message 8: by Bryan--The Bee’s Knees (last edited Jul 21, 2018 04:27PM) (new)

Bryan--The Bee’s Knees (theindefatigablebertmcguinn) | 50 comments So:

Would nous be something like understanding there is an entity in front of you;

and Sophia understanding that that entity is a chair;

and phronesis understanding the comfort that such a chair might provide:

and techne the understanding how to find or make something to sit on;

and episteme imparting this knowledge to someone else?

I'm just playing along. If it's annoying, let me know.


message 9: by Lia (last edited Jul 22, 2018 09:18AM) (new) - added it

Lia | 522 comments Mod
You can be my favorite gadfly, Bryan :p

0695916_C_44_F2_4_F3_E_B312_EECDD5550959

Please stay and play :-)

We’re only dealing with self-understanding here. And Aristotle’s entry requirement seems to be movement. Since chairs can’t move themselves, can’t apprehend their “chairhood,” we’ll probably have to start with humans.

The rest is complicated. Heidegger puts a gloss on Aristotle’s divisions, his interpretation of some intellectual virtues also seems to come with an ethical dimension that’s not implied in Aristotle’s, and some of that interpretive twists seem significant — such as Heidegger’s concept of techne, which seems to have implication on how he sees human experience in modern society as amplifying the tool-aspect, the know-how, the mindless repetition, the focus on efficiency etc. I don’t understand/ haven’t read enough to really discuss that yet, I hope you’ll stick around to talk me through this.


Bryan--The Bee’s Knees (theindefatigablebertmcguinn) | 50 comments Lia wrote: "You can be my favorite gadfly, Bryan :p





Please stay and play :-)

We’re only dealing with self-understanding here. And Aristotle’s entry requirement seems to be movement. Since chairs can’t ..."


Well, I'm just playing devil's advocate--you're doing all the heavy lifting with the readings you've picked out. I have trouble making sense of the Wikipedia article on Heidegger, let alone the unadulterated stuff. Though you do make me interested. The first time I run across Being and Time at library sale for 50 cents, I won't even think twice. Pop! in the cart.


Bryan--The Bee’s Knees (theindefatigablebertmcguinn) | 50 comments Okay, so I did a miniscule amount of research on your terms, and I see where I was way off.

Nous is more like understanding you are capable of understanding, right?

Sophia: A fire will keep you warm if you are cold

Phronesis--build a fire if you are cold

Techne--how to build a fire

Episteme--the thing inside us that realizes the connection between the action of building the fire and getting warmth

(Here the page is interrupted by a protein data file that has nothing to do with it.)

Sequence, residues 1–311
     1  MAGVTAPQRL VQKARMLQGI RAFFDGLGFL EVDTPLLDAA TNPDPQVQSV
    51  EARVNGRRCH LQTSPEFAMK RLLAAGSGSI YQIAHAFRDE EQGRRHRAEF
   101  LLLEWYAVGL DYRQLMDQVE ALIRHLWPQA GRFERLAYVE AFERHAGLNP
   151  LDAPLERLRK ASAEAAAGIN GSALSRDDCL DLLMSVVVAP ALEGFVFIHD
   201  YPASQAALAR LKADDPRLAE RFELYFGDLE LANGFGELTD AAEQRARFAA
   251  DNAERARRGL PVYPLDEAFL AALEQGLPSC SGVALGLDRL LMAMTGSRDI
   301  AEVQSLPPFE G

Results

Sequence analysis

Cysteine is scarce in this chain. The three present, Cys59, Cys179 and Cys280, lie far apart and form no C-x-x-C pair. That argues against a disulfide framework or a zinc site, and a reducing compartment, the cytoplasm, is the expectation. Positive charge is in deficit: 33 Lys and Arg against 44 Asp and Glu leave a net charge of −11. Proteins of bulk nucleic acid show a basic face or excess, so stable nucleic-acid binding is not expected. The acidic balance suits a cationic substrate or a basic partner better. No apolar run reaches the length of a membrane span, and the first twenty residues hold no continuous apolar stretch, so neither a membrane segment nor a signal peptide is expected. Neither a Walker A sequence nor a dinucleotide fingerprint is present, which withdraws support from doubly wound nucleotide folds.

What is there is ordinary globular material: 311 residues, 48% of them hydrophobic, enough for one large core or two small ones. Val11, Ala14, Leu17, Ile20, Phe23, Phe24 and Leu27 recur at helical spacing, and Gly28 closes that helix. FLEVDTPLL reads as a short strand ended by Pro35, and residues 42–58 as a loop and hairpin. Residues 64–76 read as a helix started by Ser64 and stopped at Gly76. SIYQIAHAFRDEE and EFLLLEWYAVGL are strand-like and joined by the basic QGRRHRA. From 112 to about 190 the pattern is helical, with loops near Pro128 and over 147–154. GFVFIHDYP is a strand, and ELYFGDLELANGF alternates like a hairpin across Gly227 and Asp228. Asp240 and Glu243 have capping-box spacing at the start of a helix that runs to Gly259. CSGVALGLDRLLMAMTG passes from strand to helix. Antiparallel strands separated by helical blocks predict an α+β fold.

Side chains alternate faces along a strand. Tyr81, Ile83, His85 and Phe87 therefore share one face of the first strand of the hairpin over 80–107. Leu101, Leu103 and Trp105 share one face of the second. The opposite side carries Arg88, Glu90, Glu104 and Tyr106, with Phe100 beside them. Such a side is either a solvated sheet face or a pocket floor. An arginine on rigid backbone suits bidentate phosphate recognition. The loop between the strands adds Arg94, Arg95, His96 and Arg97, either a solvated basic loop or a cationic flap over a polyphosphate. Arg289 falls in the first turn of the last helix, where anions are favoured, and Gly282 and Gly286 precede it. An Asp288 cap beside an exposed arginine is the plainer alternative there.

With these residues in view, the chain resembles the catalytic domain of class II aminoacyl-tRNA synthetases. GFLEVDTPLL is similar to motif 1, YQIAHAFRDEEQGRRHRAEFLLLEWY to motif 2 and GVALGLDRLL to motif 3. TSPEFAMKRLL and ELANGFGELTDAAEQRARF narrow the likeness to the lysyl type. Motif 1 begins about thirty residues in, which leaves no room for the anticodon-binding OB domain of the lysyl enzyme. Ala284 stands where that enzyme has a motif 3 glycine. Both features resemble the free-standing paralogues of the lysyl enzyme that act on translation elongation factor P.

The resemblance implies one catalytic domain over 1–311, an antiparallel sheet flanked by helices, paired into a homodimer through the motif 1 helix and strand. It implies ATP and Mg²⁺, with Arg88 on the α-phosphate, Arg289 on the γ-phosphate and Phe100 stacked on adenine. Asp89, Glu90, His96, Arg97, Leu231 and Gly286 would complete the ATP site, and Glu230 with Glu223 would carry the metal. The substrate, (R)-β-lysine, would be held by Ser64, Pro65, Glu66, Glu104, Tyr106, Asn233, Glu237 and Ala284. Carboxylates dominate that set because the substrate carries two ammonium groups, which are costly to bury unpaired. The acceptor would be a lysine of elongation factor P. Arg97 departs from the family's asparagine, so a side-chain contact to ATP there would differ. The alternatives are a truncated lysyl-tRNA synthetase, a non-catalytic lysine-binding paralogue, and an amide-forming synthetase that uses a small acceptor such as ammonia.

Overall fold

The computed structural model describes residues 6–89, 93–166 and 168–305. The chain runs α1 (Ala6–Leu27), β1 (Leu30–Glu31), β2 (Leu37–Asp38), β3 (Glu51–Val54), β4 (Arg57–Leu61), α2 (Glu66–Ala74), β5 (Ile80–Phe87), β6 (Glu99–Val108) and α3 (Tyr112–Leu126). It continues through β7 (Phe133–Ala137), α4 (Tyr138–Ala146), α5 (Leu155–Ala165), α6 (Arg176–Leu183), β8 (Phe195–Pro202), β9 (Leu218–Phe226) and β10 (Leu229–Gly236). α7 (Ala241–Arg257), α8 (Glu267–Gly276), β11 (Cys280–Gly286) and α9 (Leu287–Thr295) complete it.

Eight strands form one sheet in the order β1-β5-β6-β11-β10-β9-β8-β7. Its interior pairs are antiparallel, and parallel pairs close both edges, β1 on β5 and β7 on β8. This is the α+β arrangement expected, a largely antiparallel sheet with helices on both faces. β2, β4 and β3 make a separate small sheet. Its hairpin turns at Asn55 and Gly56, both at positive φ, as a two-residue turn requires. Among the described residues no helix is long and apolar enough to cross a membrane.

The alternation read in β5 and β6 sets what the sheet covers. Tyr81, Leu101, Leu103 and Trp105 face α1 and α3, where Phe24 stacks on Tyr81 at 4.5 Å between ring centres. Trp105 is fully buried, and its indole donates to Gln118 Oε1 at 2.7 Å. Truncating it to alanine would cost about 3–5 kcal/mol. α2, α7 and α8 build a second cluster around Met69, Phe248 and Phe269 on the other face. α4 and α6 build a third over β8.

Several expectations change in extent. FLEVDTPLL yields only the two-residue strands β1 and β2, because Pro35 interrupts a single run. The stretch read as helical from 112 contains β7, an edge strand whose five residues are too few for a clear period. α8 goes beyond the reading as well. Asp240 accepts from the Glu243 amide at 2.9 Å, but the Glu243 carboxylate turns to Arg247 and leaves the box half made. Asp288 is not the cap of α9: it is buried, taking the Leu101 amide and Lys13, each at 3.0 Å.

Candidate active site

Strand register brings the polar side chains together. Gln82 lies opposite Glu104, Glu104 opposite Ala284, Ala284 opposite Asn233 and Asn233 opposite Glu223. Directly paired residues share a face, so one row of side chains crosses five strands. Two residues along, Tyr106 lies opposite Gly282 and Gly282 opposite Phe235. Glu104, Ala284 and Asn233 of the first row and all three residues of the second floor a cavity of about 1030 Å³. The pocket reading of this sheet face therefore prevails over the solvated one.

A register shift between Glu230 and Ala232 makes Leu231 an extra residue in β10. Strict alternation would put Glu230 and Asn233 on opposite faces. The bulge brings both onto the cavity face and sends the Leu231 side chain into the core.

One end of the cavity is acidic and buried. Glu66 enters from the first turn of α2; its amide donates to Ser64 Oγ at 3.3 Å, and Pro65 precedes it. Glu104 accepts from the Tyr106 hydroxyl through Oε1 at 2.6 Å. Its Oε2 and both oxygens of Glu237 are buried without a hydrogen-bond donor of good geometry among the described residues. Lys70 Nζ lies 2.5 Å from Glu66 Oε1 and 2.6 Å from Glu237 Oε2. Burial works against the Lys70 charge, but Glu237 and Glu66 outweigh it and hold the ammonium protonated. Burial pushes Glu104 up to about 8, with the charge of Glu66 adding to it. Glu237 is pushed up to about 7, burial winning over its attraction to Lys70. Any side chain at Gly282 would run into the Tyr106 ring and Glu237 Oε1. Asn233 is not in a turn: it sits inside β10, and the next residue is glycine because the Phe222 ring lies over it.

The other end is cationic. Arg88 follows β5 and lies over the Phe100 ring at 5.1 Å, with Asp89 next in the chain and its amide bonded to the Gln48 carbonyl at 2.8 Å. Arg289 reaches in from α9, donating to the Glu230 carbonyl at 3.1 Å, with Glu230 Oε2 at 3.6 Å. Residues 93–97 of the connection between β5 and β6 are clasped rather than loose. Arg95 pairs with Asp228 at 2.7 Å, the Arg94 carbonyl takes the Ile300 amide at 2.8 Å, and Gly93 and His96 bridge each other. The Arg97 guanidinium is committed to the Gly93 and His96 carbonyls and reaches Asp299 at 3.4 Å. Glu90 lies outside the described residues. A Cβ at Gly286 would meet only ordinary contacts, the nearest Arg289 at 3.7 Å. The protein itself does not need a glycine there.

is that closer? Or am I still way off?


message 12: by Lia (new) - added it

Lia | 522 comments Mod
I like this. I feel like we got lost in one of Plato’s dialogues and we’re about to become ridiculous. Keep in mind I’m just as blind and lost here.

So, to clarify, recall Aristotle is revealing proper human functions and virtues in a treatise that is ostensibly about how to build a “good” human (well, Greek citizen.)

Clearly we are talking about human capacities, human modes of experiencing, so you’re not wrong to think up examples of how humans get through life, by using tools, chairs, fire etc. Heidegger certainly talks about various modes of interacting with objects already in the world. But the actual focus here is human “apprehending” human — seeing, envisioning, perceiving, understanding — what it means to be a good human, not what to do with fire. It’s this extraordinary capacity for “SELF” understanding that makes us Dasein, a special kind of being unlike rocks and chair and fire. Note this “self” is not self-enclosed, it’s inherently also an understanding of being a human in the world that interacts with other humans, the city, and objects, and strangers etc.

Nicomachean Ethics in great complexity describes how different parts of intellectual virtues coordinate with other non-intellectual virtues (aka character virtues) to strike some kind of balance with some kind of “target” in mind (to move us to act etc). Heidegger is specifically working with Aristotle’s understanding of human “virtues” (closer to “function” than anything moralizing in Aristotle’s usage.) And how that Greek self-understanding “covered up” the original Christian self-understanding. At any rate, we the modern are completely buried by scientific mode of thinking, so then it requires great labour to uncover, to reveal, other modes of existence.